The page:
He ties 60% of post 2008 stock market gains to the Fed's announcements.
. . . the S&P 500 index has gained 699 points since January 2008, and 422 of those points came on the 70 Fed announcement days. The average gain on announcement days was 0.49%, or roughly 50 times higher than the average gain of 0.01% on other days.
This is a sign of dysfunction. The stock market should be a barometer of the economy, but in practice it has become a barometer of Fed policy.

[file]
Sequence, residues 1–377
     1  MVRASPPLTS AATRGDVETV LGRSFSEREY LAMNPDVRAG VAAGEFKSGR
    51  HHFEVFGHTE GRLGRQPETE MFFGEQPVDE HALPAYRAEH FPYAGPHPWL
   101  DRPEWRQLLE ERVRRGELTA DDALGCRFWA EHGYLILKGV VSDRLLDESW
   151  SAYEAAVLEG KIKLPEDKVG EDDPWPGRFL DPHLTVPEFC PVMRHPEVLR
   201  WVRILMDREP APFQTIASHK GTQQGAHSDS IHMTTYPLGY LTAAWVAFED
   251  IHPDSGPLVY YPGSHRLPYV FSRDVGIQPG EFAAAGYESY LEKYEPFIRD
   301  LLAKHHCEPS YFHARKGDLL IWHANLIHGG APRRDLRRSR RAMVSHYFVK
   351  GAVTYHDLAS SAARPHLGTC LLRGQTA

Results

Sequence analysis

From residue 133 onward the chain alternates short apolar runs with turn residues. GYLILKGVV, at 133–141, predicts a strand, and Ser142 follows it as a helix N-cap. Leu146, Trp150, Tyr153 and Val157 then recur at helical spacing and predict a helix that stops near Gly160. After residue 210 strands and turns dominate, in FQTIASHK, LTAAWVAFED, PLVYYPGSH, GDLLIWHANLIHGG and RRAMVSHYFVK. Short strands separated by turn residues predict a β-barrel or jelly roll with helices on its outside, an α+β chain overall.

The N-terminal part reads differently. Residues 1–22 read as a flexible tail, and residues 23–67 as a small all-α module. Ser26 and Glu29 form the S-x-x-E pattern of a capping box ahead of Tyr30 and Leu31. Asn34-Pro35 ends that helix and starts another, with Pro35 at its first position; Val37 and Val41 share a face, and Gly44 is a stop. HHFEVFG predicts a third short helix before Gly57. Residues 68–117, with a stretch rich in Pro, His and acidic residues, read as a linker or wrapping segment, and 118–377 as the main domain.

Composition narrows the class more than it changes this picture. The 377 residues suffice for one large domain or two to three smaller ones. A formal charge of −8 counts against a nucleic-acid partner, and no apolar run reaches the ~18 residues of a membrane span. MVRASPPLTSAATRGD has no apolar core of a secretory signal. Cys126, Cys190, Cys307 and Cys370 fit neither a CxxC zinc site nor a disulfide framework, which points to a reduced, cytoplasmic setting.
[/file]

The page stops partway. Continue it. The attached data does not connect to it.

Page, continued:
Stock prices have held steady even though corporate earnings have been falling since 2014. Valuations—the ratio of price to earnings—continue to rise. With investors searching for yield in the low interest-rate world created by the Fed, the valuations of stocks that pay high dividends are particularly stretched. The markets are as dependent on the Fed as ever.
Since the rich own more assets, they gain the most. In this way the Fed’s policies have fueled a sharp rise in wealth inequality world-wide—and a boom in the global population of billionaires.
Never mind how that company's operations are doing when you buy their stock.
Just make sure Janet Yellen is running the show at the Federal Reserve Bank.